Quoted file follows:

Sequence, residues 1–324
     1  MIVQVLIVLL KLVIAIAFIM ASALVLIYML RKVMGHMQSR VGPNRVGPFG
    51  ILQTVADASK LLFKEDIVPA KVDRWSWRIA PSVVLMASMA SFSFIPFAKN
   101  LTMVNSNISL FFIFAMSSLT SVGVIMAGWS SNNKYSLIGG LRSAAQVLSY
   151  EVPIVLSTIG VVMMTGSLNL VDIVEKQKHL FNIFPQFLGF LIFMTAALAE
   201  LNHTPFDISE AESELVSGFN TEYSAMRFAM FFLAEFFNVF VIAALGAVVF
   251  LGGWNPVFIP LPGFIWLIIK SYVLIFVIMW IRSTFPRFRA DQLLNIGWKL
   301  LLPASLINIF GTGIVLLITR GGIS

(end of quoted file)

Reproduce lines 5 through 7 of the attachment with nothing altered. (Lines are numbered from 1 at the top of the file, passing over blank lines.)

   151  EVPIVLSTIG VVMMTGSLNL VDIVEKQKHL FNIFPQFLGF LIFMTAALAE
   201  LNHTPFDISE AESELVSGFN TEYSAMRFAM FFLAEFFNVF VIAALGAVVF
   251  LGGWNPVFIP LPGFIWLIIK SYVLIFVIMW IRSTFPRFRA DQLLNIGWKL